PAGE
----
In addition to water pollution, the application of commercial fertilizers can lead to long-term decreases in soil health, including soil acidification and increased levels of soil pollutants such as heavy metals.  FHeavy applications of commercial fertilizers also affect soil biodiversity (the soil "food web").  F

Ultimately, the use of commercial fertilizers is not sustainable over time, as many formulations of fertilizer require high inputs of fossil fuel use, especially natural gas, for their creation, ensuring further dependence on fossil fuels for industrial crop production.  FOther types of commercial fertilizers, such as phosphorus, are mined; the extraction of phosphorus from the ground is energy-intensive and polluting.  FIn addition, phosphate reserves that are easily accessible are gradually declining.  F

Pesticide Use

Pesticides are products that destroy various agricultural pests, including weeds (herbicides), insects (insecticides), bacteria (microbicides), and fungi (fungicides). The practice of intensive pesticide use in industrial crop production is often necessary due to the practice of monocropping.

Results of intensive pesticide use include loss of biodiversity and elimination of key species (e.g., bees); adverse health effects for both consumers and agricultural workers; water pollution and soil contamination; and pest resistance, resulting in the need for increased application of pesticides, or the need for alternate formulations.  F F F F F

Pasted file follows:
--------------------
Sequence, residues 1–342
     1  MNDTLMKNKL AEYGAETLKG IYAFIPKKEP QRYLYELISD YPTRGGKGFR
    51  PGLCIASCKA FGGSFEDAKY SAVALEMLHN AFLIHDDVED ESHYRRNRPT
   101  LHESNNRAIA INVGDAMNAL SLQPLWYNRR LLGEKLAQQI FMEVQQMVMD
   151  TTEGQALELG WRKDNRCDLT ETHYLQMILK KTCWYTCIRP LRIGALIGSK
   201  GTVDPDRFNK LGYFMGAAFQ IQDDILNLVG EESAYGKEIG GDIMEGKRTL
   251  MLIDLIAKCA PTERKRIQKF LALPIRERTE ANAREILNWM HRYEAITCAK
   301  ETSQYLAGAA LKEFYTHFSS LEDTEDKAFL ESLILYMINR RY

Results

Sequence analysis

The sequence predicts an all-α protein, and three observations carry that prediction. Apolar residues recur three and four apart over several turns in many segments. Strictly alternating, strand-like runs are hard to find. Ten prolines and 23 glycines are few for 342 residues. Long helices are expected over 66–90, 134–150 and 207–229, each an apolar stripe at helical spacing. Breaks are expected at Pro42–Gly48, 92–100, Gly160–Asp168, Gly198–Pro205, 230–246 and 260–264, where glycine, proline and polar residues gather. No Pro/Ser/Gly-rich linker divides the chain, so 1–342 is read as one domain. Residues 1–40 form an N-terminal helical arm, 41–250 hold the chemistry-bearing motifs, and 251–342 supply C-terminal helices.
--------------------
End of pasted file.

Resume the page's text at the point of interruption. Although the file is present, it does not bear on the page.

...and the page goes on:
Genetic Engineering

Genetic engineering (GE) is the process of introducing specific traits (genes), either synthetically created or from an existing organism, into a different plant or animal. The USDA reports that, as of 2011, 88 percent of US corn, 94 percent of soybeans, and 90 percent of cotton grown in the US are genetically modified.  FMany of the GE traits in crops grown on industrial farms are introduced to protect against problems that arise from monocropping, such as vulnerability to weeds and insects.  F